U.S., China economic relationship benefits both nations: Geithner   2011-01-13 04:31:58 FeedbackPrintRSS

WASHINGTON, Jan. 12 (Xinhua) -- The economic relationship between the United States and China "provides tremendous benefits" to both nations, U.S. Treasury Secretary Tim Geithner said here on Wednesday.

"China presents enormous economic opportunities for the United States and for the world," said Geithner at the Johns Hopkins University in Washington ahead of Chinese President Hu Jintao's state visit to the United States next week.

"This state visit takes place at a time of important transition for the world economy, for the Chinese economy and, of course, for the American economy," Geithner said.

Geithner indicated that the visit comes against the backdrop that the global economy is facing new dynamics of growth because of the financial crisis and global economic slowdown.

The global economy is emerging from the financial crisis, but the crisis has left lasting scars that will take years to repair and it has left a growing gap between the growth trajectories of the large developed economies and the rapidly growing emerging economies, he said.

"These growth dynamics," he said, "will fundamentally change the balance in the world economy forcing changes in the architecture of the trade and financial systems."

Talking about U.S. economic relationship with China in the context of the changing global economy, Geithner said that "even though we compete in many areas, our economic strengths are largely complementary."

The secretary said that China faces a very complicated set of challenges as it transitions toward a more market-oriented economy. "But It is very much in our interest and the world's interest that China manage these challenges successfully," he said.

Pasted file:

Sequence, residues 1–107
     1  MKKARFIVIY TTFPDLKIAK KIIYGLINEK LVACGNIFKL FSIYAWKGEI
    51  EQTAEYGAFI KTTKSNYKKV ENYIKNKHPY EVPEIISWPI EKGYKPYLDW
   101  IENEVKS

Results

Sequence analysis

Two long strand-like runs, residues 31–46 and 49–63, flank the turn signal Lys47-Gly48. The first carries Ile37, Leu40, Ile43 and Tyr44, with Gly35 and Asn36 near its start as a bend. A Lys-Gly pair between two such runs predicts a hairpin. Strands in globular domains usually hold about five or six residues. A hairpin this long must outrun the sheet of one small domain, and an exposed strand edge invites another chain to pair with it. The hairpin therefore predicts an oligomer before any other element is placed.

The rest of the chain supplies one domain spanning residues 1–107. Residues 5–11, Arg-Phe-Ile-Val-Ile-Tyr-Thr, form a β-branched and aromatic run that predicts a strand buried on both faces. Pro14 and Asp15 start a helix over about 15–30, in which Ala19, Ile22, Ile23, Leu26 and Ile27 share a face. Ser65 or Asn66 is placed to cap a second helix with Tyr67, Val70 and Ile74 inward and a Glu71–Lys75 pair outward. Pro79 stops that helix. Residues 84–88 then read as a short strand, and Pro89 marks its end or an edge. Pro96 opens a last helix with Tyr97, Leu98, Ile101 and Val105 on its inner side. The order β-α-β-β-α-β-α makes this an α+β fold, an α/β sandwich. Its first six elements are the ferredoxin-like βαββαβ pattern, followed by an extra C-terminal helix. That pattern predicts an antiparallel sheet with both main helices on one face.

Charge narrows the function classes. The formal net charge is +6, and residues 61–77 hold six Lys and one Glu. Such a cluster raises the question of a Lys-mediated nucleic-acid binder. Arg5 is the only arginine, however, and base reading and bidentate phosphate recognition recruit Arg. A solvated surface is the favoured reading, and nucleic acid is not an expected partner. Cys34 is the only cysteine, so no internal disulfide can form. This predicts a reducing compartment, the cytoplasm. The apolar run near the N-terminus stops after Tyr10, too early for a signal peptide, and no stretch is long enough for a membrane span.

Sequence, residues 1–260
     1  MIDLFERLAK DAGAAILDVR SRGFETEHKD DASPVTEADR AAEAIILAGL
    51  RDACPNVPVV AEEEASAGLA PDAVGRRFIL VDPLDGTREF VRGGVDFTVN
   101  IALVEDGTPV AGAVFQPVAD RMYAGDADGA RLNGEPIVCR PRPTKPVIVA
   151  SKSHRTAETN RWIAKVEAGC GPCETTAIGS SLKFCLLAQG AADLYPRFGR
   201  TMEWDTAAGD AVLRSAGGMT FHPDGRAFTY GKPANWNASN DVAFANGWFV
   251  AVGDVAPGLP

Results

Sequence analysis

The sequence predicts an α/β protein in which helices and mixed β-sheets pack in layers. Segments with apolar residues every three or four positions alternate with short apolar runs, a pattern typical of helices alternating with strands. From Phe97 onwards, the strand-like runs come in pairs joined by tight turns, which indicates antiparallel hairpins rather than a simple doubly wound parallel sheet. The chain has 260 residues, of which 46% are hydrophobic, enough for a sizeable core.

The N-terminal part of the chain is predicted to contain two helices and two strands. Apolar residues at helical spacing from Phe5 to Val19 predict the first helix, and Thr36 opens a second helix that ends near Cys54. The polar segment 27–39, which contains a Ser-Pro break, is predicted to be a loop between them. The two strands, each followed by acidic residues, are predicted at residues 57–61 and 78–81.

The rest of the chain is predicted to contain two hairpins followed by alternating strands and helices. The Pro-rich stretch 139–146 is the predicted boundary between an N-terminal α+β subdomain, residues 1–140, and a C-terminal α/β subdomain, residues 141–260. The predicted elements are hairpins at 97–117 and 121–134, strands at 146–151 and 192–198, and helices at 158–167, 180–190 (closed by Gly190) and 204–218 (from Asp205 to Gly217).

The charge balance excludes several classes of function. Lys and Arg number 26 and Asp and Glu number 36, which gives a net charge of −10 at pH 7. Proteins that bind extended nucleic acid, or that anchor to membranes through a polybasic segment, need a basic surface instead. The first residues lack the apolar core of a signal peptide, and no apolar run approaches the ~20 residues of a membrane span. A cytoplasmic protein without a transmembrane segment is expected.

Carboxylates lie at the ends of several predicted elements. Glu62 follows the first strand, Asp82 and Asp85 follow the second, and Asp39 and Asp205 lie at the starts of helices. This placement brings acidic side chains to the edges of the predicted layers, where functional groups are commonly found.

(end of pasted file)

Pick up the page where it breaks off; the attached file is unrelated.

Geithner stressed that the prosperity of Americans depends overwhelmingly on the economic policies they pursue to strengthen American competitiveness.

"Even as we work to encourage further reforms in China we need to understand that our strength as a nation will depend not on choices made by China's leaders but on the choices we make here at home," the secretary said.

"Fundamentally, how many jobs and how much wealth we create will be the result of the choices we make in the United States -- not the choices of others," he said.

Geithner noted that over the past few decades, China has emerged as a major economic force and it was benefiting from the U. S. economy. The relationship between the two major economies in the world is deeply interdependent.

"China needs the United States, but the United States also benefits very substantially from our rapidly expanding economic relationship with China," said Geithner.

In 2011, the U.S. is on track to export more than 100 billion U. S. dollars worth of goods and services to China, said Geithner.

"Our exports to China are growing at twice the rate of our exports to the rest of the world," he said. "We have a great deal invested in each other's success."

The Secretary acknowledged that the Chinese government has adopted a comprehensive program of reforms to rebalance the economy and shift growth to domestic demand.

"This transition will take time, but it is already having a major impact on the shape of Chinese growth, and providing increased opportunities for American companies," he said.

Geithner said that although there are challenges and friction, China's rise offers the U.S. the opportunity of dramatic growth in demand for things Americans create and produce.

"We should welcome both the opportunity and the challenge," he concluded.

Editor: yan
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